Vrakas CPAs, Here Are Your Articles for Wednesday, May 08, 2019
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The Top Financial Planning Mistakes

 

Do you live paycheck to paycheck? An unforeseen problem can become a disaster if you're not prepared. The cumulative result of overspending can put you in a precarious position. If an economic recession were to hit, it would leave you with very few options.

Financial planners tell you to keep three months' worth of expenses in an account that can be accessed quickly. Loss of employment or a serious health issue can drain your savings and place you in a cycle of debt. A three-month buffer can keep you from losing your house.

What other mistakes should we steer clear of?

  • A top financial planning mistake is excessive or frivolous spending. Great fortunes are often lost one dollar at a time. Picking up that double mocha cappuccino, having dinner out, ordering another pay-per-view movie — every little item adds up. Just $25 per week spent on takeout costs you $1,300 per year.
  • Do you need the expenses you pay for every month, year after year? Cable television, music services and fancy gym memberships force you to pay unceasingly but leave you owning nothing. When money is tight, or you just want to save more, creating a leaner lifestyle can go a long way to fattening your savings and cushioning yourself from financial hardship.
  • Using credit cards to buy essentials puts you at risk of having to pay double-digit interest rates on gasoline, groceries and a host of other items that are gone before the bill is paid in full. Credit card interest rates make the price of the charged items a great deal more expensive. It can make you spend more than you earn.
  • Borrowing money to buy a car has you paying interest on a depreciating asset, amplifying the difference between the value of the car and the price paid for it. Don't trade in your car every two or three years and lose money on every trade. Of course, sometimes you have no choice but to take out a loan to buy a car. But consider buying one that uses less gas and costs less to insure and maintain.
  • Refinancing your home and taking cash out on it means giving away ownership to someone else, not to mention the thousands of dollars in interest and fees. Smart homeowners want to build equity, not make payments into perpetuity. You'll end up paying way more for your home than it's worth.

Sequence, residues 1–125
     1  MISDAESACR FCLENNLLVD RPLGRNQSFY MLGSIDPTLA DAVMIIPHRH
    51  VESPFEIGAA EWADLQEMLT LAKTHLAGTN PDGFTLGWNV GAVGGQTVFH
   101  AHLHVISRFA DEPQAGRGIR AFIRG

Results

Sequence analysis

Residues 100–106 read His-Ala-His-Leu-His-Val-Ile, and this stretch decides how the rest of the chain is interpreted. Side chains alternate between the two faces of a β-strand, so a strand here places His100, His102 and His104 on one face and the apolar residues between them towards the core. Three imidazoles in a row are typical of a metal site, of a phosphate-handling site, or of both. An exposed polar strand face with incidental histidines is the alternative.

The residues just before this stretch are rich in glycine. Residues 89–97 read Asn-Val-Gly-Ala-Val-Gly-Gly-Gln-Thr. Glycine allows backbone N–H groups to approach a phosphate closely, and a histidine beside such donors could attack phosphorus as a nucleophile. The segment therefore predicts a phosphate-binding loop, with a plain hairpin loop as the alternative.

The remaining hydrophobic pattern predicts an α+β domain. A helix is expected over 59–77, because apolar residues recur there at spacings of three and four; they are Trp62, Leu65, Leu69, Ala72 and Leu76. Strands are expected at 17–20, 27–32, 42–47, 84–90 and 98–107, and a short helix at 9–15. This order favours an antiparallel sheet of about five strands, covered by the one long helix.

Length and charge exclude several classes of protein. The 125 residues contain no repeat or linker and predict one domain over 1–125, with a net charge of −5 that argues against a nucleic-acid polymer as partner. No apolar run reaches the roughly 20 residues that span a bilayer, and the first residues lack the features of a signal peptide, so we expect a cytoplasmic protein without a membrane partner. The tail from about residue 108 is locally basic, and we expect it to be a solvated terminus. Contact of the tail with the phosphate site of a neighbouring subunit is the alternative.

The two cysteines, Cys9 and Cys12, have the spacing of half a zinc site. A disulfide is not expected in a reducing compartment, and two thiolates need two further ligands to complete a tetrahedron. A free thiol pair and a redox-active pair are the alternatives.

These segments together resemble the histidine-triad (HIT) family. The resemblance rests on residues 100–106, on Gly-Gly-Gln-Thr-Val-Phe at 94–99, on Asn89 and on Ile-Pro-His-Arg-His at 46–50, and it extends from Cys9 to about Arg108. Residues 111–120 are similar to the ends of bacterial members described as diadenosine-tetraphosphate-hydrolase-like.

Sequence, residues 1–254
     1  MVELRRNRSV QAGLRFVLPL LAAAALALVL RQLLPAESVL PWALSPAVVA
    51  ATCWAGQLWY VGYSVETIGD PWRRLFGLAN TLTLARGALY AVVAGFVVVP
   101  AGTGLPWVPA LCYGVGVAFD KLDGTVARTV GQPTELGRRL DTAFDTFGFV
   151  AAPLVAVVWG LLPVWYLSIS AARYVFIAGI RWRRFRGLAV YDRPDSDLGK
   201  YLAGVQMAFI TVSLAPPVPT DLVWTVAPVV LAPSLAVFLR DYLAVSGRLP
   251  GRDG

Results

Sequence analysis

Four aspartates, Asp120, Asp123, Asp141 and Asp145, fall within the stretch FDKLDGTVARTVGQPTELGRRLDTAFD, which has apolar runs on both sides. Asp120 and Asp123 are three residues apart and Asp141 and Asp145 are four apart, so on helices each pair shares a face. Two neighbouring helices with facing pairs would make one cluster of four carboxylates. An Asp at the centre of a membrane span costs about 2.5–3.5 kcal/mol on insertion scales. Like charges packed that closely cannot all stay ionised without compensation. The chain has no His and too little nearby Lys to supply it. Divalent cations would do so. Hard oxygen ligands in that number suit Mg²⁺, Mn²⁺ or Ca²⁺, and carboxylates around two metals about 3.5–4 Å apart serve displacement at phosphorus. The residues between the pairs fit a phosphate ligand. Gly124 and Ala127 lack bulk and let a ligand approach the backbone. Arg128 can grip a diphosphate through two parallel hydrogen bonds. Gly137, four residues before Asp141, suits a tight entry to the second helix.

• If you don't get your money working for you through income-producing investments, you can't stop working — ever. Make monthly contributions to designated retirement accounts for a comfortable retirement. Take advantage of tax-deferred retirement accounts and your employer-sponsored plan. Consider the time your investments have to grow and how much risk you can tolerate.
  • Not having a financial plan means you don't know where you are, so you don't know where you are going. Spend time planning your finances — make it a priority.

Avoid the dangers of overspending: Monitor the little expenses that add up quickly, and then move on to monitoring the big expenses. Think carefully before adding new debts to your list of payments. Save some of what you earn monthly and spend time developing a sound financial plan.

After all, to accomplish anything you need to have a plan. Ask yourself where you want to be in five, 10 or 20 years. This is the start of avoiding financial planning errors.

 

 
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Our firm provides the information in this e-newsletter for general guidance only, and does not constitute the provision of legal advice, tax advice, accounting services, investment advice, or professional consulting of any kind. The information provided herein should not be used as a substitute for consultation with professional tax, accounting, legal, or other competent advisers. Before making any decision or taking any action, you should consult a professional adviser who has been provided with all pertinent facts relevant to your particular situation. Tax articles in this e-newsletter are not intended to be used, and cannot be used by any taxpayer, for the purpose of avoiding accuracy-related penalties that may be imposed on the taxpayer. The information is provided "as is," with no assurance or guarantee of completeness, accuracy, or timeliness of the information, and without warranty of any kind, express or implied, including but not limited to warranties of performance, merchantability, and fitness for a particular purpose.
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